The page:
JE: Well, as I was saying, I felt kind of a relief to be with Aziz, because it felt to me like I could really account for the stakes of my character’s situation without having to worry that the tone of the movie would be too dramatic or too tragic. And so I felt unburdened with him.
AA: Yeah, I mean, I don’t think we had any problem at all. If I improvised or anything, Jesse always would just play it real and react however he needed to to whatever I said. I think in these kind of comedies and any comedy, play it real, and it’s always just for the best.
AVC: Speaking of the stakes of the character, the film is based on a real situation that was fatal for the man wearing the bomb. It was an actual murder case. Is it strange to have a comedy coming out of that?
JE: Obviously, we know what you’re referring to, but didn’t know when we read the script. And the script was about fictional characters, and it was an entirely different set of circumstances for our characters. In the movie, we’re mainly focused on this friendship that we have that’s not working and then this crazy day puts us back together in a nice way. And that’s pretty much all we focused on.
AA: Yeah, to me, the movie’s about these two guys have to rob a bank and their friendship. It’s not really based on what happened to that guy.
AVC: That friendship sometimes gets uncomfortable, because your characters are kind of awful people. They’re not terribly bright, and they’ve done horrible things to each other. How did you personally address the characters?
AA: I think any friendship—if you’re friends with someone for a long time, there are some dark moments in the friendship. I don’t think there’s a long friendship that’s all peaches and cream all the time. I think what’s interesting about those characters is they have this falling out, as friends sometimes do, and then they’re brought together by this crazy thing that happens.
JE: Yeah. You know, it’s not our jobs to account for the perceived likeability of a character. So it doesn’t even occur to me.
AVC: Jesse, you were talking about being glad to let Aziz take the burden of the comedic side. Can either of you think of a specific situation where that came up? Where you stopped and said, “You know, this isn’t working. We should do it a different way”?
JE: Oh, I think I just meant he has a good sense of that kind of thing, but not to the point where he’s stopping in the middle and redoing things. I’ve seen him perform stand-up comedy many times now, and he has such an amazing sense of what the effect will be of what he says minutes before he says it. It’s a skill set that is required over a long and very effortful process.
AA: That’s kind of the approach I take to every scene. We do the rehearsal, and “Is this funny enough? Is there anything we can add? Does this joke hit enough?” I do that with everything I act in, so I couldn’t narrow it down to one scene. I feel like that’s just the process that we did with every scene. Really looking at it when we shot it. Like, “Okay, is everything working here? Is it funny enough? Do we need to add a joke here? Does something funny need to happen here? Is this what would happen if they were in this point in the story? In real life, would these guys do this?”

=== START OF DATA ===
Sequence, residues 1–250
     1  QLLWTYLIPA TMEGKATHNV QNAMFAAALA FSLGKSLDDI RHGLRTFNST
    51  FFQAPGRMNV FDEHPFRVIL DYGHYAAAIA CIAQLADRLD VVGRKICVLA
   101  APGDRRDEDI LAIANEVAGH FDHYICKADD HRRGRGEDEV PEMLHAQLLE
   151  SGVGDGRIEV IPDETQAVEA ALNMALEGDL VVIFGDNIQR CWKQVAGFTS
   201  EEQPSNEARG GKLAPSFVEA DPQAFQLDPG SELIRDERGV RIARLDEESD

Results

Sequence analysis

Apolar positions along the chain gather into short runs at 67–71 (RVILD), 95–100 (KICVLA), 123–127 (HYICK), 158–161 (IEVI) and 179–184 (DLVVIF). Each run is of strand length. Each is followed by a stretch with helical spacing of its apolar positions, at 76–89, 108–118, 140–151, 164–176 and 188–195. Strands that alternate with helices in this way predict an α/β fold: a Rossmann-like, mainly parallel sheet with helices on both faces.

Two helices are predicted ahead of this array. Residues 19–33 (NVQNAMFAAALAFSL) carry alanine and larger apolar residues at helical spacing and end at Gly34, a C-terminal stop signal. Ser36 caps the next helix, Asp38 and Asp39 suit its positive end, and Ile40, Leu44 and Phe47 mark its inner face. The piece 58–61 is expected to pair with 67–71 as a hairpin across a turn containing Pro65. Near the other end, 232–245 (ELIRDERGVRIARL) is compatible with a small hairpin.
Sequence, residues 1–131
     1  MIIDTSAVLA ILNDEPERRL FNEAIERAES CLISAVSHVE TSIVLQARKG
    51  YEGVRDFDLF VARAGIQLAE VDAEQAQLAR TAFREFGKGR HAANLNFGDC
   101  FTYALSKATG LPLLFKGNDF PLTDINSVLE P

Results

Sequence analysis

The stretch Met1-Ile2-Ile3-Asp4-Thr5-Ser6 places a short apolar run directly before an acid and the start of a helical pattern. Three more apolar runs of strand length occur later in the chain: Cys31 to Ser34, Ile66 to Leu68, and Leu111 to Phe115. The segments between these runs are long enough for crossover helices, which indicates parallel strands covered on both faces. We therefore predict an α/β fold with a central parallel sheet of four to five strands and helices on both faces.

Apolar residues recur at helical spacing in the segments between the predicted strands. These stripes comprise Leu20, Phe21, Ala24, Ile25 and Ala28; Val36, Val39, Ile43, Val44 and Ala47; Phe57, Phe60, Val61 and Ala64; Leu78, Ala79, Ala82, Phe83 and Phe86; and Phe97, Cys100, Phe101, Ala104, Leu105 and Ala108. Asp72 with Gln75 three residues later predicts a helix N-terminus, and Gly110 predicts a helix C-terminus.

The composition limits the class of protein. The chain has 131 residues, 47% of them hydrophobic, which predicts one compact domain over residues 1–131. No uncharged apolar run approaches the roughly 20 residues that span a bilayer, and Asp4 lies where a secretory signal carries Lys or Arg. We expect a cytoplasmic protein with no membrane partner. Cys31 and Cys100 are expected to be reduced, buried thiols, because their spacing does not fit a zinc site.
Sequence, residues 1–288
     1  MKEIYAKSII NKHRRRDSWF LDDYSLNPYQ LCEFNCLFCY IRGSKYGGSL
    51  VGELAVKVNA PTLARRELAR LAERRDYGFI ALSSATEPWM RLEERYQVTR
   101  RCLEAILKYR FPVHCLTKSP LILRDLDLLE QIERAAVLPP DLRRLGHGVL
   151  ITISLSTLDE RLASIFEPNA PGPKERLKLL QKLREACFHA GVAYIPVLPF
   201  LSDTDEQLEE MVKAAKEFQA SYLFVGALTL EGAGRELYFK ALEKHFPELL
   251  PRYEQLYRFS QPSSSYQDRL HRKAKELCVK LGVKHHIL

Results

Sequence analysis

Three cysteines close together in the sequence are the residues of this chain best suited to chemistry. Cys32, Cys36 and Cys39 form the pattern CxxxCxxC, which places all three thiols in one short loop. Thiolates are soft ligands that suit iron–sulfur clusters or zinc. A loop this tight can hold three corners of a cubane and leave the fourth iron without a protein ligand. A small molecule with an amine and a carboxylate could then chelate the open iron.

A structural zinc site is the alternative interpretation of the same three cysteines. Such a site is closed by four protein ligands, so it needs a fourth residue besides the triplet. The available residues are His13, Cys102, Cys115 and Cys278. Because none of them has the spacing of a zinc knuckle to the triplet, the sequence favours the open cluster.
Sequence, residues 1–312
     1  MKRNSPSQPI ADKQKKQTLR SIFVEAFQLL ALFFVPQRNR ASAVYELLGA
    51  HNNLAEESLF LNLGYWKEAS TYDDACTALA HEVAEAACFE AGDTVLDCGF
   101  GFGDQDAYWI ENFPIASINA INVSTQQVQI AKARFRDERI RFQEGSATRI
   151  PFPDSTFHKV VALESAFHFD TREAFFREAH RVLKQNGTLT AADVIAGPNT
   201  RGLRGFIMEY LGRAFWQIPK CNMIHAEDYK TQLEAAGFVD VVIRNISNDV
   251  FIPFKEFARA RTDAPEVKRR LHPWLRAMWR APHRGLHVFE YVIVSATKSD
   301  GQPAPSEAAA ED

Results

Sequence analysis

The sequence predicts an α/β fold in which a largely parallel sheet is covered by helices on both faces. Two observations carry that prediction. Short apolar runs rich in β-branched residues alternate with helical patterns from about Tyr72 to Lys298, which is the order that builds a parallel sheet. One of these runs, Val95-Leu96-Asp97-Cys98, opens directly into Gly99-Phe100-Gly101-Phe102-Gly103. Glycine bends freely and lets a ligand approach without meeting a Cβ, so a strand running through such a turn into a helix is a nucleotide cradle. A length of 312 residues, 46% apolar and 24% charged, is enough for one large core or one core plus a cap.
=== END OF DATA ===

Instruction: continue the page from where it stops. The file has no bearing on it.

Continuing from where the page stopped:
JE: And in some extreme circumstances, we would actually shoot two versions of the scene. I mean, not the entire scene, but we would say, “Is it too much if they…” In the scene on the stoop, where I’m sitting on the stairs drinking, it’s our first scene together, and we… [Laughs.] I just remember we shot it both as us walking in together and being friends, and as us separating. I don’t know what’s in the final movie.
AA: I think we go in together.
JE: We go in together. Because, you know, the tone is very specific. You wanna feel the tension of the relationship, but also, the movie is probably lighthearted as a macro thing. So we shot it both ways, and then the editors can manipulate the friendship. But I guess they do that in every movie.
AVC: In that introductory scene, Aziz, your character is in a car getting a blowjob, which he seems pretty uncomfortable with. What kind of direction did you get on that sequence?
AA: I don’t know. I just thought about it like I knew what that shot was gonna be, and it was just gonna be me looking weird, and then it’s a reveal, so I just thought, “What would be the funniest attitude toward that?” Where it’s vaguely uncomfortable, but at the same time, somewhat enjoying it. I don’t know.
AVC: Jesse, you reportedly followed a pizza deliverer around for a while to see what that process was like. What did you get from the experience?
JE: They hooked me up with a guy who they thought was similar to my character. He was kind of sarcastic, self-aware. Able to comment on the people we were delivering to in a funny way. And it helped me get into the spirit of what a typical day would be like for my character. It’s an isolated job, developed in the sense of righteousness because you’re alone and you’re having very transient experiences. And at the same time, self-aware that you’re delivering pizzas. You’re giving people this unhealthy thing that they’re probably having at home, alone at night. And it also kind of gave me the sense of what the danger was. We only went out for a night, but very late into the night, and you get into some potentially dangerous situations. I would never be able to do that, because I’d be terrified. But what my character does in this movie, going into this dangerous situation, he wouldn’t think is atypical.
AVC: Aziz, how do you prep for roles? Can you see yourself doing that kind of thing where you go hang out with a role model beforehand, like spending time in a classroom because you’re playing a teacher here?